It seems a security tech arms race is afoot in the banking sector.
While mobile banking has been going mainstream – 31 per cent of Canadians reported using mobile banking last year, up from five per cent in 2010 according to the Canadian Bankers Association – future trends point towards even more secure banking measures that recognize you (that’s right, you specifically dear reader) and your unique biological characteristics.
Bionic banking is here.
The Biometric Banking Experience
There have been previous forays into biometrics like Scotiabank subsidiary Tangerine’s announcement to add voice and fingerprint recognition to mobile banking, but the recent development from Toronto-based wearable startup Bionym ups the ante with heartbeat credit card authentication for RBC and MasterCard.
At the centre of the scheme is the Nymi Band, a watch-like device that measures a person’s heart rate and links their unique cardiac rhythm to their identity. Much like using a fingerprint, the tech offers a higher degree of certainty letting them use their cards without entering passcodes, provided they’re wearing the device. The wristband is activated when the user puts it on and includes an NFC (near-field communication) chip to communicate with contactless payment terminals.
“The Nymi Band offers a multi-factor security system,” says Kurt Bartlett, spokesperson for Bionym. “The ECG (electrocardiogram heart measurement) is also an internal biometric, so it is much more difficult to access than a fingerprint which is left on every surface you touch.”
A pilot run of the wearable banking project will see 250 RBC clients and staff pop on Nymis between now and February.
Banking To Your Own Beat
The little wristband has some big backing from one of Canada’s banking giants: RBC, which is looking to break into the ‘wearables’ market, has partnered with Bionym for the testing phase. “From the outset of our mobile journey, it has been critical for us to engage all stakeholders in the payments ecosystem with different technologies and options to better understand the payment experience from all parties,” says Jeremy Bornstein, head of payment innovation at RBC. “We’ve been watching the convergence of wearables and payments closely.”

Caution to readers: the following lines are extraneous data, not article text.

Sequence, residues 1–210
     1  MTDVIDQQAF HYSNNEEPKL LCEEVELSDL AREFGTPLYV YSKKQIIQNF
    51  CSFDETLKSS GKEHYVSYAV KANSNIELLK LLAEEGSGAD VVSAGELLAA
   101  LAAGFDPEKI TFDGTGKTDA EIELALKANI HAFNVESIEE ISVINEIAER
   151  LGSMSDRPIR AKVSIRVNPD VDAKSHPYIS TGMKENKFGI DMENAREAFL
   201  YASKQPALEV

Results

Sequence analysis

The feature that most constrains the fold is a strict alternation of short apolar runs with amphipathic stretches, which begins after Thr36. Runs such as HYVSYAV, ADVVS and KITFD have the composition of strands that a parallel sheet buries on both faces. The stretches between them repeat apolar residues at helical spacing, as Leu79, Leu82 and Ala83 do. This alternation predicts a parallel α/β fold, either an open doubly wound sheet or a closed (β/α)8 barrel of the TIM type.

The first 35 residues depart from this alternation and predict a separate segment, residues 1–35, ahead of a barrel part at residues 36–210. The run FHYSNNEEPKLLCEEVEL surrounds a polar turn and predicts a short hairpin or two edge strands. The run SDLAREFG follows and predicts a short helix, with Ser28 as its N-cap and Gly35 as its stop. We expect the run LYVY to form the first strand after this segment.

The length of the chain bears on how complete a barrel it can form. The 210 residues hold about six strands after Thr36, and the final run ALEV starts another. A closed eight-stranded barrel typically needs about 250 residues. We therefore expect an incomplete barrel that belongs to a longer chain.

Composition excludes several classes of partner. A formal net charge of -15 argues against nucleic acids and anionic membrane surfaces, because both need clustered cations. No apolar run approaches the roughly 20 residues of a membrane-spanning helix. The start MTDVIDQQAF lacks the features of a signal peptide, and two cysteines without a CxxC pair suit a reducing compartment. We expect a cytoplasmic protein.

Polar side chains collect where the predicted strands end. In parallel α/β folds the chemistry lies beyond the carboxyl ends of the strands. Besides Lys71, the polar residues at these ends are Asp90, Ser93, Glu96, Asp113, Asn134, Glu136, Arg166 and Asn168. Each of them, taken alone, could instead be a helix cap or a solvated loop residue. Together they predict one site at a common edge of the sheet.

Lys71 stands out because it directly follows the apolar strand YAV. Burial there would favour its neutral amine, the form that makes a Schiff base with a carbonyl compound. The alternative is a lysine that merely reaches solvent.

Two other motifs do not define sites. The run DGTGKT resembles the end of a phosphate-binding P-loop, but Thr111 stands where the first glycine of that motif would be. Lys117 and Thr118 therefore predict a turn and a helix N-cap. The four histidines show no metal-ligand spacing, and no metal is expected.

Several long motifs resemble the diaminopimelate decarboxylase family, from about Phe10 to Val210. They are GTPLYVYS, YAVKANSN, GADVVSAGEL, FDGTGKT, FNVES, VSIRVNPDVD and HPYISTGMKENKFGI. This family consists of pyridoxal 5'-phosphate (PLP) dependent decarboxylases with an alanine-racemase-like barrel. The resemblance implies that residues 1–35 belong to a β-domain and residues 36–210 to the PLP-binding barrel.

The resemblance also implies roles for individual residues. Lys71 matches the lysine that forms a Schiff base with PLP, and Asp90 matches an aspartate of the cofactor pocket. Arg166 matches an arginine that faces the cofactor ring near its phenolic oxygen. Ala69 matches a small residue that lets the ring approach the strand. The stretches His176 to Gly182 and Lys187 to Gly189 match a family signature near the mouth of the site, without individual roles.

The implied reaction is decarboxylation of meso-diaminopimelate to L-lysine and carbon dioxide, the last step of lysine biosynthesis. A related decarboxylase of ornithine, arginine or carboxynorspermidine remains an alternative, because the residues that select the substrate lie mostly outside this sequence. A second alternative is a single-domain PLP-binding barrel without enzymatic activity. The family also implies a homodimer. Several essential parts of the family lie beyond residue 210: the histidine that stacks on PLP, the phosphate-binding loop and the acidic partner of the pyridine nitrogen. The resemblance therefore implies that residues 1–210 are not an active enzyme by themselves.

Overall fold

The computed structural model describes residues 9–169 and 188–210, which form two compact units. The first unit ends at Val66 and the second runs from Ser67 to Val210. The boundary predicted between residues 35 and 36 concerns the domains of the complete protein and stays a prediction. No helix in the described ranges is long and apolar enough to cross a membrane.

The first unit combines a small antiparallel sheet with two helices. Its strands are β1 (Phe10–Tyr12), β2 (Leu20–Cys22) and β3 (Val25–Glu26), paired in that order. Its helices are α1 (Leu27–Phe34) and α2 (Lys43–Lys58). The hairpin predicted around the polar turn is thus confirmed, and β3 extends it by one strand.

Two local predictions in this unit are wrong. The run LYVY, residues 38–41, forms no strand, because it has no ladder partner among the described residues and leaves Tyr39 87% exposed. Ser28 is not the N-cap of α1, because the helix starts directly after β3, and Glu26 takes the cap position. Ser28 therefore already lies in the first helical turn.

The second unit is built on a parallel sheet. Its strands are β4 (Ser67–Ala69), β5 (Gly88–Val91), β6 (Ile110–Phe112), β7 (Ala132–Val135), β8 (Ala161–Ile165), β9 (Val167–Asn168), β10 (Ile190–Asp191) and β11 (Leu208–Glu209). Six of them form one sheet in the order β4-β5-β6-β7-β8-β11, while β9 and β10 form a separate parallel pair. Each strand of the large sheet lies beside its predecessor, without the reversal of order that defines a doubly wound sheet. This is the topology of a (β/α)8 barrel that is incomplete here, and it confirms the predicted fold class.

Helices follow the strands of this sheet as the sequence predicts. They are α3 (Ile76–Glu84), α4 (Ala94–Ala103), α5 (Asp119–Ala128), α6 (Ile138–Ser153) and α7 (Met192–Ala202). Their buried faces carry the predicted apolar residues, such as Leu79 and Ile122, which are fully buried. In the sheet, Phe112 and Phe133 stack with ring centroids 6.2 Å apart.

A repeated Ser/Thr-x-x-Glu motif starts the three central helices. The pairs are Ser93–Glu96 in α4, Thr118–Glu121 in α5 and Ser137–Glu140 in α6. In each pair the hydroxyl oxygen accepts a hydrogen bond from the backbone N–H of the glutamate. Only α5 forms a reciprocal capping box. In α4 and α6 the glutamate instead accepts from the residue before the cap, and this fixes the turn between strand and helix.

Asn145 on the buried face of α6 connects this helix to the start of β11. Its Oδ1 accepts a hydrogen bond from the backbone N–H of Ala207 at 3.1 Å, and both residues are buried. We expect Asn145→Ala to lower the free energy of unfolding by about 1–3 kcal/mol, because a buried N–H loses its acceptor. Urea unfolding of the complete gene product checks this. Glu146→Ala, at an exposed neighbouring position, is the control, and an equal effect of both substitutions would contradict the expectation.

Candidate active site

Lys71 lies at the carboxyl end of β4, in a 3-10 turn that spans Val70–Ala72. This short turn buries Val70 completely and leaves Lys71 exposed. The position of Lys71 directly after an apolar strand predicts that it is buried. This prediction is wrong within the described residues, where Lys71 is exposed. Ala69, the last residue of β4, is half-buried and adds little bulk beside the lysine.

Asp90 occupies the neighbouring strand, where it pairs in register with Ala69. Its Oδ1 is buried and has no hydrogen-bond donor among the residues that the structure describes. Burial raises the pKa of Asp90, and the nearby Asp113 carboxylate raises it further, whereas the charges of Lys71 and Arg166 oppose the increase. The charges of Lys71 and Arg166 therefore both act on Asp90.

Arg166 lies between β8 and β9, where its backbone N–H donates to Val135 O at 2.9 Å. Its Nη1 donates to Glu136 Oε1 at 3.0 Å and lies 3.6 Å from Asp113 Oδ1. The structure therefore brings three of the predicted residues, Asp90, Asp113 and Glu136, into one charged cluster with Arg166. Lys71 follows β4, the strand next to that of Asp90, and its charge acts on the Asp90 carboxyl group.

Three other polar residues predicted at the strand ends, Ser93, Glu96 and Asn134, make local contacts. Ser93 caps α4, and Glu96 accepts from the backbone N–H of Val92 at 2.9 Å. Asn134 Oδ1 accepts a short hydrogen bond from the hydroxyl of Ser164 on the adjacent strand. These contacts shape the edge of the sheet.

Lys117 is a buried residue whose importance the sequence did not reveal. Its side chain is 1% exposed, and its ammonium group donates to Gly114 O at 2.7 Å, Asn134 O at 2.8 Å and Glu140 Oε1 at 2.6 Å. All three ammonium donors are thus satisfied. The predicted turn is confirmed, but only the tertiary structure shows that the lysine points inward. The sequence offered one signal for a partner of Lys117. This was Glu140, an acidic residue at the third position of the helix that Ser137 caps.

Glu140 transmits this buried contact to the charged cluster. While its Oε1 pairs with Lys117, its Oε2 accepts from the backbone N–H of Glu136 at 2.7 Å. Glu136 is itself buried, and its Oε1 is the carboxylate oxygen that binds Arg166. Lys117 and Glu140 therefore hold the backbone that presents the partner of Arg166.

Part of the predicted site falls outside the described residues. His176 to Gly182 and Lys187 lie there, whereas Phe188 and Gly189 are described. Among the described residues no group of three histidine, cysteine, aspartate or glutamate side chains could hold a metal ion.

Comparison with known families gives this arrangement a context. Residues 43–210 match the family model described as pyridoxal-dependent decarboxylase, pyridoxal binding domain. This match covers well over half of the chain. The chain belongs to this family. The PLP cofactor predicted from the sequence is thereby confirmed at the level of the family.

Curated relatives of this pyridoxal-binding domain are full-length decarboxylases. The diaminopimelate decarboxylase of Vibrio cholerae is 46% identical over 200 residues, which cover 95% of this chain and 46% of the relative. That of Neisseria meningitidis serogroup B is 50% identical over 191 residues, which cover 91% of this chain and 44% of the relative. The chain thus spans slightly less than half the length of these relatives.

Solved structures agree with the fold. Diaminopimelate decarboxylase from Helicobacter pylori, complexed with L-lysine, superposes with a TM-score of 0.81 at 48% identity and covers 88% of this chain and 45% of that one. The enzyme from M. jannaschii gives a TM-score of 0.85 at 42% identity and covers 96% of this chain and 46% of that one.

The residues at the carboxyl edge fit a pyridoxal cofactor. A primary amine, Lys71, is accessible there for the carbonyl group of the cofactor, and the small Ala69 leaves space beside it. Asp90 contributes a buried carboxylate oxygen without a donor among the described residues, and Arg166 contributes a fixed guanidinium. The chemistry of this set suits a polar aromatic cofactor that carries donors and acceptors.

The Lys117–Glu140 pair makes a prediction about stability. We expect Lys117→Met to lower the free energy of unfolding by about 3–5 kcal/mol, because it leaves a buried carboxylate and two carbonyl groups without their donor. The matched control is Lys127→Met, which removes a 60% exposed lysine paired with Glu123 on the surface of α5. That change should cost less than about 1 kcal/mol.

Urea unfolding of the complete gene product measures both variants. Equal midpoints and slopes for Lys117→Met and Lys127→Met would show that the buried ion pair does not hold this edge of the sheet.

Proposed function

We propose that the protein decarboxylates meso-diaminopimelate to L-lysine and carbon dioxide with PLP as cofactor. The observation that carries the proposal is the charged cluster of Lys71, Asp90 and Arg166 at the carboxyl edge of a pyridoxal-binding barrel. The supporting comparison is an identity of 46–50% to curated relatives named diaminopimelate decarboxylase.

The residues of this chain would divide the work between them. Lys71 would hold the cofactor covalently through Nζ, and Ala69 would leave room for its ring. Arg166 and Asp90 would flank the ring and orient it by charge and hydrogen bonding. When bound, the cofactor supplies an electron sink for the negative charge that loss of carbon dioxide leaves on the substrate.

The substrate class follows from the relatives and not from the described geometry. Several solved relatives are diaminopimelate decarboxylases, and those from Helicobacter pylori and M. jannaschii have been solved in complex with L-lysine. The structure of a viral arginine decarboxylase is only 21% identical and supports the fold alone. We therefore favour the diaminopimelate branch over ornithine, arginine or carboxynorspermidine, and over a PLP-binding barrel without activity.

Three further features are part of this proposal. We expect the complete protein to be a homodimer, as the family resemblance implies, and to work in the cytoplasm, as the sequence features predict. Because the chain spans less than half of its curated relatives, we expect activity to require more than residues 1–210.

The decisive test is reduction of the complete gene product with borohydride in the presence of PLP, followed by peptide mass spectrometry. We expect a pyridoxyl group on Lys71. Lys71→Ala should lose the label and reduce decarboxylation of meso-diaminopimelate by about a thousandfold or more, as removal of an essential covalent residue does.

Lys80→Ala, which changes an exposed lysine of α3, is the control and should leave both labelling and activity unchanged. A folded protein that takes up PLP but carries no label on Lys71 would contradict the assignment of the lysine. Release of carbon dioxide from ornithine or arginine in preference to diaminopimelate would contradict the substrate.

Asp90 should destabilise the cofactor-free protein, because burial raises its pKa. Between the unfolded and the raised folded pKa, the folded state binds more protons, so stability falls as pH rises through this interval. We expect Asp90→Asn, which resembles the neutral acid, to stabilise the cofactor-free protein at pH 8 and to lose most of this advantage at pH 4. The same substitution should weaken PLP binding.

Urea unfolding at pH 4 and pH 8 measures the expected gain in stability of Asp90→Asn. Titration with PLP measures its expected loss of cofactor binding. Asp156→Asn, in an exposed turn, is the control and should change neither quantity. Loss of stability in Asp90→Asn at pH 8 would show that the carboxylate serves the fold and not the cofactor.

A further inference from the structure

RBC is also trying out its own devices – the RBC PayBand and RBC PayTag.
“The wearables aren’t yet available to clients, we are currently testing it with a group of 45 clients in the Toronto area,” he adds. “This is part of our ongoing efforts to understand how consumers want to pay and to stay ahead of the adoption curve.”
Those with heart health issues need not be left out – the authentication process will still work, says Bornstein.
“The band is designed to withstand health issues and even if the rhythm of the wearer’s heartbeat varies – for instance, during exercise – the shape of the unique ECG wave pattern is still recognizable and the device will still work,” he adds.
Not “If”, But “When”
While wearing a heart monitoring band won’t likely be mandatory anytime soon, on the retailer side the tech is already there. According to RBC, payments made in-store using a wearable will work anywhere that accepts tap or pay wave tech – which the bank estimates is 30 per cent of payment terminals in Canada.